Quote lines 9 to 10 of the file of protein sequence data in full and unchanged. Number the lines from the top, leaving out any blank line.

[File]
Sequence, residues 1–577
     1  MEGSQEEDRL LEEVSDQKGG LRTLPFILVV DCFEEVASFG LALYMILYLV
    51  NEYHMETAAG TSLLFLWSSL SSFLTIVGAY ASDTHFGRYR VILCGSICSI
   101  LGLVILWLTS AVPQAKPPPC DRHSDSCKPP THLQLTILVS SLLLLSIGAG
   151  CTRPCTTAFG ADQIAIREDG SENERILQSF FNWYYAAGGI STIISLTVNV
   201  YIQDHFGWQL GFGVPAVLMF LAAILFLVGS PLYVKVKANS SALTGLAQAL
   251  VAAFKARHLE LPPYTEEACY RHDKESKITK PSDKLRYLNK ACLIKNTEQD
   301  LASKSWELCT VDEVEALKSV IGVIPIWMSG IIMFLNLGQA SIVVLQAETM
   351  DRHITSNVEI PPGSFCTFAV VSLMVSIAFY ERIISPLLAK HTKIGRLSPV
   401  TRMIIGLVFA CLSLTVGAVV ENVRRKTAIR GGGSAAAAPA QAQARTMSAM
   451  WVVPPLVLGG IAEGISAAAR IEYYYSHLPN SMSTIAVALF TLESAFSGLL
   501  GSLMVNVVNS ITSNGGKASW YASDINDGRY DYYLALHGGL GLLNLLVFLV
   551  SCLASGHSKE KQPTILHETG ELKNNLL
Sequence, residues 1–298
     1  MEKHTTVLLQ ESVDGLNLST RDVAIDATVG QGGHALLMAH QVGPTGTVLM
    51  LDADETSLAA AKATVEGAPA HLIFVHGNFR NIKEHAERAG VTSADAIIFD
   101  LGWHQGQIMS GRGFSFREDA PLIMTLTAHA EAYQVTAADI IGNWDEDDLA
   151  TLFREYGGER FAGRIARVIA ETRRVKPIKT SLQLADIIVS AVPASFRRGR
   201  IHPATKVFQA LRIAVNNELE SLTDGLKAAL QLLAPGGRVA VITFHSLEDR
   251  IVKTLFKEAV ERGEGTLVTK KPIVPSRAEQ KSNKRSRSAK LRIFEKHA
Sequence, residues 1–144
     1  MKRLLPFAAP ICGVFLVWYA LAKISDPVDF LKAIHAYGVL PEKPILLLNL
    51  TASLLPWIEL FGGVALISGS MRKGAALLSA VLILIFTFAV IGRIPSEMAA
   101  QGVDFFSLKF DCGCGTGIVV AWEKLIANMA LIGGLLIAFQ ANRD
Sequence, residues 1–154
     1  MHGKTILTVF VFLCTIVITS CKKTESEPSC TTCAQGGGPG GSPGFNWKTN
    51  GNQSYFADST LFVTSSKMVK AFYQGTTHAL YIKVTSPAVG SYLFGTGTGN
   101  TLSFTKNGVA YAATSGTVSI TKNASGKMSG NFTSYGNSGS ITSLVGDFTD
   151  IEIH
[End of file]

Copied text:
   351  DRHITSNVEI PPGSFCTFAV VSLMVSIAFY ERIISPLLAK HTKIGRLSPV
   401  TRMIIGLVFA CLSLTVGAVV ENVRRKTAIR GGGSAAAAPA QAQARTMSAM